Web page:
Understanding var, let & const in JavaScript – ES6

4 mins read ES6 (also known as ECMAScript 2015) has major changes over JavaScript’s syntax & brings new features to JS that didn’t exist before …


ES6 (also known as ECMAScript 2015) has major changes over JavaScript’s syntax and brings new features that didn’t exist before.

ES6 is important to learn because one reason is that, it makes JavaScript better and easier to write, and also ES6 is being used together with today’s modern web technologies like React, Node.js and so on.

In this post, you will learn the new keywords that ES6 brings for variable declarations: let and const . But firstly, let’s explain what was wrong with var .

What was the problem with var?

We already had the var keyword in JS for declaring variables. So why has ES6 introduced additional keywords?

To understand the problem in var, first you need to understand what scope is.

Scope determines the accessibility of variables, objects, and functions from different parts of the code. — w3schools

There are 3 types of scope in JavaScript:

  • Function (Local) Scope
  • Global Scope
  • Block Scope (new with ES6)

var supports function & global scope, but not block scope.

Function (Local) Scope

When a variable is defined inside a function, it will be local only for that function and can’t be used outside:

function local() {
  var number = 1;
   console.log(number); // 1 gets printed

console.log(number); // undefined

Global Scope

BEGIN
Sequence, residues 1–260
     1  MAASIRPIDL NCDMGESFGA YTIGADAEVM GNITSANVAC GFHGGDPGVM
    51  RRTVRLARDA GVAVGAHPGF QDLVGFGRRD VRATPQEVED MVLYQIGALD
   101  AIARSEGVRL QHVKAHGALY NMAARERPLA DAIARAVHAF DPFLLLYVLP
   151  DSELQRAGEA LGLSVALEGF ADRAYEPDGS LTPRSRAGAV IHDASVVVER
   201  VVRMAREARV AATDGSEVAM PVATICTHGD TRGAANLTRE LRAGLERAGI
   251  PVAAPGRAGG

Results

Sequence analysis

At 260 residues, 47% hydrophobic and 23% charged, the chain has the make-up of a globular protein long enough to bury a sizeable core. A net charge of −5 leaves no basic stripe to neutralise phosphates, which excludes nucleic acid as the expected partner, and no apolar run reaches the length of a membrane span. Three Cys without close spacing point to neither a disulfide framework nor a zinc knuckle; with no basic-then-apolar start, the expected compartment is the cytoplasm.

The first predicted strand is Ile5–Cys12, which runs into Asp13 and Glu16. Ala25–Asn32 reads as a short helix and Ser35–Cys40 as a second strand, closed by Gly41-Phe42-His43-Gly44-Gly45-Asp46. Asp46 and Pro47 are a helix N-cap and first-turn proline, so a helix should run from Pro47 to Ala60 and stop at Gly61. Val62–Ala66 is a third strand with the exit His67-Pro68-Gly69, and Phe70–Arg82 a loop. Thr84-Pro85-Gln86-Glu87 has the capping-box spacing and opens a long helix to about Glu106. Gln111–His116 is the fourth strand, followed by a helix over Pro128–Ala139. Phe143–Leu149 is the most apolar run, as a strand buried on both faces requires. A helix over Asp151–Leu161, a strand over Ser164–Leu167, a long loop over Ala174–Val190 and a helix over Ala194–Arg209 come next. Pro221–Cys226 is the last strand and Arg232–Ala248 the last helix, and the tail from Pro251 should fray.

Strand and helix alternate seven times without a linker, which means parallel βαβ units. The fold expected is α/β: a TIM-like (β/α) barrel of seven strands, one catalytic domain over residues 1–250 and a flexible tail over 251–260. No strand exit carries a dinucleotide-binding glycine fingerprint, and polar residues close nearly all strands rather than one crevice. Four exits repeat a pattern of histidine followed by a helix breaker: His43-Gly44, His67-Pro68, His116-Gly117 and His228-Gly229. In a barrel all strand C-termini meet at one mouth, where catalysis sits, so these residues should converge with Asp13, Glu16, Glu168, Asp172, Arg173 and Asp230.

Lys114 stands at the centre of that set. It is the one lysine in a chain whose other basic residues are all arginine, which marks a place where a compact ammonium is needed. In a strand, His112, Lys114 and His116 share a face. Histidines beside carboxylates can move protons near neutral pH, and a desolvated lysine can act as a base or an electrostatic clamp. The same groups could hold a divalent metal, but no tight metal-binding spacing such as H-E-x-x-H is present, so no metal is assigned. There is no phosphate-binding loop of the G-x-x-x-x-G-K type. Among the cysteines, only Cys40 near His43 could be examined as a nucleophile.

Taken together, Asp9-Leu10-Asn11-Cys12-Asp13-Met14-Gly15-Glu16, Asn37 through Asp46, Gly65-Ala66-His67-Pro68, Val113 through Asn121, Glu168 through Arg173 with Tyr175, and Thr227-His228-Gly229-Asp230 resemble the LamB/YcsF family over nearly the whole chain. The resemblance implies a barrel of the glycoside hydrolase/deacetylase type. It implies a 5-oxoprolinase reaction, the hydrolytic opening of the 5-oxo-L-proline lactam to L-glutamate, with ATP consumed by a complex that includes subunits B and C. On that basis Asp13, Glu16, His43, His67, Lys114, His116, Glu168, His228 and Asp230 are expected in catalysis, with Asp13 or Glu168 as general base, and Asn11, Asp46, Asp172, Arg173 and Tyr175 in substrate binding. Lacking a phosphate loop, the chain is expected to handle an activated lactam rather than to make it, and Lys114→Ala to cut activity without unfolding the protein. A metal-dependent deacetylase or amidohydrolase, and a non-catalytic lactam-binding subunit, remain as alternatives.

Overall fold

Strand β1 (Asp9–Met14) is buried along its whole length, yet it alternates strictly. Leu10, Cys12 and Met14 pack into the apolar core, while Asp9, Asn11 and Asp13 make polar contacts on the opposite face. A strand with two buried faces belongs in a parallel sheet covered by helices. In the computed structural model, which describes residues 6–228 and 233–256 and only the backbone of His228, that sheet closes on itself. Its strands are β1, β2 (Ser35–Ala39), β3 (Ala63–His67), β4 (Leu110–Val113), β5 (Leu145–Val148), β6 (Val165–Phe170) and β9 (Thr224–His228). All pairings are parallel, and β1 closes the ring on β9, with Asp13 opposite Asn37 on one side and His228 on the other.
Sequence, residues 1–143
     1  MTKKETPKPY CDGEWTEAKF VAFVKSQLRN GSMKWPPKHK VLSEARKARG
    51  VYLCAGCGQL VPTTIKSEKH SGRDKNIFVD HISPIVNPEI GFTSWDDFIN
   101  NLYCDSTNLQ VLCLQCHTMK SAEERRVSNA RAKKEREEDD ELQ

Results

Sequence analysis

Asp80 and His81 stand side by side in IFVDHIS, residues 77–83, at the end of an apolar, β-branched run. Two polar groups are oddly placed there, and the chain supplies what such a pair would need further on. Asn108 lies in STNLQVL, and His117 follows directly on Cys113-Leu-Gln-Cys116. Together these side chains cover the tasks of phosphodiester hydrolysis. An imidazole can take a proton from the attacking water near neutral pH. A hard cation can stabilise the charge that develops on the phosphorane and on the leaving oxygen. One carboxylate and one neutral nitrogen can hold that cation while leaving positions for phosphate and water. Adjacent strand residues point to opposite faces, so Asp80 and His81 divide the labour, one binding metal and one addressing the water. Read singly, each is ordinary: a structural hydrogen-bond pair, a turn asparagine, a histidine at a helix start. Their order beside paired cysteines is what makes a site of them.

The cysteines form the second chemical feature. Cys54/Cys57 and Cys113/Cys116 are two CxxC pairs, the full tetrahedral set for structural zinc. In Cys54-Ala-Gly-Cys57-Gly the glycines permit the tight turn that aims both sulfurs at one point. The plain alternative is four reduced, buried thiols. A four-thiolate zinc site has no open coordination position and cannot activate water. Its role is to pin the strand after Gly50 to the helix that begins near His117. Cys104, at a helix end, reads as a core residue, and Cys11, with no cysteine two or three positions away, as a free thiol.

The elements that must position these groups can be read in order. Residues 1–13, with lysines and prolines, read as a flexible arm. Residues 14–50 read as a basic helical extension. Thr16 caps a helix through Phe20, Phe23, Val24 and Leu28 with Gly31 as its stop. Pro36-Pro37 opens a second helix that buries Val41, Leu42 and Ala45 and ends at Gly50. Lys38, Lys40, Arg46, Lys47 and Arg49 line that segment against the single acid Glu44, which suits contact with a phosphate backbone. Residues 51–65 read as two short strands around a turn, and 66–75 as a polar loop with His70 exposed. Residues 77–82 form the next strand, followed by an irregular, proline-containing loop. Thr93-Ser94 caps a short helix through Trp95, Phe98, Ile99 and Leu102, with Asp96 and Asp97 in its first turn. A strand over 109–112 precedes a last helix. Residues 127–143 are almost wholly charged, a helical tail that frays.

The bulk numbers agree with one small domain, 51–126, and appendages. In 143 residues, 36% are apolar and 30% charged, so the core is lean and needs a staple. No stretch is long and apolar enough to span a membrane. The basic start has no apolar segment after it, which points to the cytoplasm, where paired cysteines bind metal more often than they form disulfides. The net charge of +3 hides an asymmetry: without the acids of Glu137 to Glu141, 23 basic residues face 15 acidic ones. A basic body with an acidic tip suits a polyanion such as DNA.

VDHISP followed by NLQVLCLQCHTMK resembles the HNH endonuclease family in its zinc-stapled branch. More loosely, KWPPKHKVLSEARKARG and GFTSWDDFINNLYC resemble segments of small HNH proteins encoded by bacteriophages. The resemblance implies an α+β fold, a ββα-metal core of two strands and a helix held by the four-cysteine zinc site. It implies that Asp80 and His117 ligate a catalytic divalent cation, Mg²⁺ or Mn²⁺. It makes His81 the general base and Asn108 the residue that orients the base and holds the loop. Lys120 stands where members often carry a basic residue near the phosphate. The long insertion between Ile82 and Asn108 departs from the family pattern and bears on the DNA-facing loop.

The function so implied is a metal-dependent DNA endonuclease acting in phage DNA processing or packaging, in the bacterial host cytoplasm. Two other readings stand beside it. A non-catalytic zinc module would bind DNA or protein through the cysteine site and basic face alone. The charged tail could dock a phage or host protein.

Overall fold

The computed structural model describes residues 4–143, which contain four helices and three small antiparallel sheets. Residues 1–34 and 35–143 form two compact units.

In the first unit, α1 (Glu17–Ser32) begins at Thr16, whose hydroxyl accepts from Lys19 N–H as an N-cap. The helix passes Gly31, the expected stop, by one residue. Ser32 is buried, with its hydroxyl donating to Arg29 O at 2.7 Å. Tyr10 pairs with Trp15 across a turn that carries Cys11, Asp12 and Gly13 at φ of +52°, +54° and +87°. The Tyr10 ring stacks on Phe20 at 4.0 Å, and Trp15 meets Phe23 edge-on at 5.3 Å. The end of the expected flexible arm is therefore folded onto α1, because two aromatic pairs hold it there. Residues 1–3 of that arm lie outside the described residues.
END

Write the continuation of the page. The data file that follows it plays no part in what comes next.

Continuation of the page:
When a variable is declared outside of a function, or without the var keyword then it will become Global and will be accessible from anywhere:

var number = 1;

function local() {  
  console.log(number); // 1 gets printed

console.log(number); // 1 gets printed

Block Scope

Everything inside curly braces { }, if-else cases and for loops are block-scoped. This is the part that var doesn’t support.

Let’s define a variable (with var) inside the for loop and see what gets printed…

for(var i = 1; i < 10; i++) {

console.log(i);    // What do we expect here?

Everything seems fine till here. But what about the second console.log?

The second console.log is outside of the for loop and the local variable “i” still gets printed, whereas it supposed to be undefined.

However, if we use let or const, since they are block-scoped, this problem will be solved.

Redeclaration issue of var

Another problem with var is that it allows redeclaring the same variables again and again:

var number = 1;   // first declaration
var number = 2;   // same variable redeclared with the same name

console.log(number); // And we see no errors

Now let’s see how ES6 deals with them…

let instead of var

To prevent the problems I’ve mentioned above, let’s try again with let :

for(let i = 0; i < 10; i++) {   // same local variable with let 

console.log(i); // This time what do we expect?

So let supports block-scope and the second console.log returns undefined. Perfect!

Also, trying to redeclare a variable with letreturns an error:

So the let keyword:

  • can be used instead of var
  • is block-scoped
  • doesn’t allow redeclaration, but can be reassigned later


Another new keyword that ES6 brings is const.

“Constant: something that does not change.”

The difference between let and const is that, once we declare a variable with const, it cannot be changed later:

The const keyword:

  • can also be used instead of var
  • must be assigned once it has declared
  • is also block-scoped like let
  • doesn’t allow redeclaration or reassignment

ES6 has changed JavaScript significantly and keeps changing with ES7, ES8 and so on. If you have questions, comment down below. If you like the article, please share.

Thank you for your time & see you soon!

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